First, the results suggest a superiority of combination therapies, especially of those including somatostatin analogues. In pNETs, somatostatin analogues plus interferon, everolimus, or everolimus plus bevacizumab were highly efficacious. The certainty of evidence for these therapies was variable and was the highest for somatostatin analogues plus everolimus. In GI-NETs, somatostatin analogues plus 177Lu-dotatate, bevacizumab, interferon, or everolimus were highly efficacious. Also, the certainty of evidence for these therapies was variable and was highest for somatostatin analogues plus 177Lu-dotatate.
Second, the results suggest a range of monotherapies that are superior to placebo, including everolimus, interferon, and sunitinib in pNETs, and somatostatin analogues in pNETs and GI-NETs. Conversely, the results did not demonstrate efficacy superior to that of placebo for dactolisib in pNETs or for interferon or everolimus in GI-NETs. The highest quality of evidence was available for everolimus in pNETs, alone or in combination with somatostatin analogues.
Third, the results indicate that NET therapies have a broad range of risk for adverse events and effects on quality of life. Because systemic treatment is commonly noncurative for NETs, adverse events and quality of life are priorities. The results of this study may help to put the available safety data for NET therapies into perspective. The findings may guide treatment choice, initiate preventive measures, and result in increased patient surveillance. In addition, they demonstrate the need for more research in assessing adverse events and effects on quality of life for NET therapies.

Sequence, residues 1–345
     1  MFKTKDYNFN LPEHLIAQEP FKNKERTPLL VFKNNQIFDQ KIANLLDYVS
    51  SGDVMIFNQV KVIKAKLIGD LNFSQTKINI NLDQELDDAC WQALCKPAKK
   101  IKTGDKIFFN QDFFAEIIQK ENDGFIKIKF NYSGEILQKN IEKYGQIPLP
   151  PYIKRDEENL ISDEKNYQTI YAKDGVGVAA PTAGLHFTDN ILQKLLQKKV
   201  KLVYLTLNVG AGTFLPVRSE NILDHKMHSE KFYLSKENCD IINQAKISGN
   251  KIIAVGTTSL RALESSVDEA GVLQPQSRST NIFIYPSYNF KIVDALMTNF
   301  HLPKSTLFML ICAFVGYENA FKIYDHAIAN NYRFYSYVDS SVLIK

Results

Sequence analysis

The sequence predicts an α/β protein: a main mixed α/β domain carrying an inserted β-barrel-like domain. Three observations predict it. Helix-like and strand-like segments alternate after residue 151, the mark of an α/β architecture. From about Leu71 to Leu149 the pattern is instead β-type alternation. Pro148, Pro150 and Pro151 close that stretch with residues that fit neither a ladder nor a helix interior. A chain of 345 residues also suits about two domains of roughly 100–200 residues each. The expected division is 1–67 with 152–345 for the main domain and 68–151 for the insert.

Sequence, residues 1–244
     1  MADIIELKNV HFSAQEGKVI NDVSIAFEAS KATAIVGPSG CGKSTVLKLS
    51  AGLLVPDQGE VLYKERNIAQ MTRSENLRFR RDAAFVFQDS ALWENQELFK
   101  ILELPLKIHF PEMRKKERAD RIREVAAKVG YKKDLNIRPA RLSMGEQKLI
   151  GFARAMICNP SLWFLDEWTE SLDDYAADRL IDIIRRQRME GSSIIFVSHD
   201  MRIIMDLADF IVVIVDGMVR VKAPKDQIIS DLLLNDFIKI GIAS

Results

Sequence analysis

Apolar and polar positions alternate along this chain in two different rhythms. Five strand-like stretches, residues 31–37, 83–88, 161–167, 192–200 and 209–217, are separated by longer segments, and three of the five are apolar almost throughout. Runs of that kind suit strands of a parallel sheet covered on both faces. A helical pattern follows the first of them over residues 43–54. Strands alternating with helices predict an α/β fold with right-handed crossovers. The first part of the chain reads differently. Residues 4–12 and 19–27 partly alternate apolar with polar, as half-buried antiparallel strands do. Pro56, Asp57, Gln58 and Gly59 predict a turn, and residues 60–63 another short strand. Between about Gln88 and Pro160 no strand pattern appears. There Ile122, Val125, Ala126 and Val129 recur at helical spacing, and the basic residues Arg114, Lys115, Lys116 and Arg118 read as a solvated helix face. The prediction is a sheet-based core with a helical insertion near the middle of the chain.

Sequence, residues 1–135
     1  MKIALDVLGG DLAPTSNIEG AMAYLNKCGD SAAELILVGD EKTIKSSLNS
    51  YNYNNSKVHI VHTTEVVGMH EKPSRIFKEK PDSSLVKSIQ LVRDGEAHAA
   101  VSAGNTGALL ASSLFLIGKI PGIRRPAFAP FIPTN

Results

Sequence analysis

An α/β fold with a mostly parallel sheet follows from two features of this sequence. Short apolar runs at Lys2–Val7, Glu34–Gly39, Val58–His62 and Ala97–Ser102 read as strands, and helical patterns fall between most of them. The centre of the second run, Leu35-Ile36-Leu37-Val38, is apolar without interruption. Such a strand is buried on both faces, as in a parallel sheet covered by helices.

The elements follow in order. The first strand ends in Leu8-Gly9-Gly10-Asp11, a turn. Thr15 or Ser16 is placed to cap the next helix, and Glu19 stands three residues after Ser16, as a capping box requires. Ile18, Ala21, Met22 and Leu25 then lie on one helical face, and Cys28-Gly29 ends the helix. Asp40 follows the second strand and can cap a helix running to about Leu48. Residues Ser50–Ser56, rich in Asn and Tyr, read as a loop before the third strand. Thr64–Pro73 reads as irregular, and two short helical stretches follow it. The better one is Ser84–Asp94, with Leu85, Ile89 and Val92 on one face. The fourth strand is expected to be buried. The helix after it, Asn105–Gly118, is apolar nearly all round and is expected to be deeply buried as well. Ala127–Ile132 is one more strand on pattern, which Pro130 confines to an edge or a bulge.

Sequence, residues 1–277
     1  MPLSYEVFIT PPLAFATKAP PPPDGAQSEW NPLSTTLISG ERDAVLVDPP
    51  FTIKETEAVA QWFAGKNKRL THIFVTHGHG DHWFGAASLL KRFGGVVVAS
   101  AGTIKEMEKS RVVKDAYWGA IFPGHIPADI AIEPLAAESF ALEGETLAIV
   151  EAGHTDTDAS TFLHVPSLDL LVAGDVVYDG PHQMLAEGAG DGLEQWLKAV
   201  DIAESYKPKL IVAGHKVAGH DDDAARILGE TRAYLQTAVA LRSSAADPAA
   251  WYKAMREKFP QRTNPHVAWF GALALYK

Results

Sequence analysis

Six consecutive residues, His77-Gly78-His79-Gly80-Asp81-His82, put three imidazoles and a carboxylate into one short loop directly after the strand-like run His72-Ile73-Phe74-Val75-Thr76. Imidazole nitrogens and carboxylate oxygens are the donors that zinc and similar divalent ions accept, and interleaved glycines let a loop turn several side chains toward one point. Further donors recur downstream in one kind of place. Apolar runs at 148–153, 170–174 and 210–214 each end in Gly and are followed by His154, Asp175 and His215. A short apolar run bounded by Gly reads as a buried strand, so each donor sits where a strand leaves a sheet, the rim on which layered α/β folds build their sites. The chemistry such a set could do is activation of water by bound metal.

This study has limitations. We conducted a comprehensive literature search with a sensitive search algorithm and an extensive manual search of reference lists and conference proceedings. We therefore consider it unlikely that we missed relevant RCTs. However, we could not obtain additional unpublished data and are aware that a substantial amount of information is not available to the public. Thus, we cannot rule out publication bias.
When using the available information for therapeutic decisions in treatment of NETs, we propose to consider the following points regarding indirectness, transitivity, risk of bias, inconsistency, incoherence, and imprecision. First, meta-analyses are based on the assumption of directness, in which populations, therapies, and outcomes of included studies are aligned with population, therapies, and outcomes targeted by the meta-analysis. Our meta-analysis targeted all available therapies and included only studies reporting disease control and/or progression-free survival. Both factors ensured a certain degree of directness. Yet, indirectness was introduced by RCTs including mixed populations of patients with pNETs and GI-NETs. We highlight all comparisons that were affected by indirectness (eTables 4-7 in the Supplement) to allow incorporation of this fact into clinical decision making.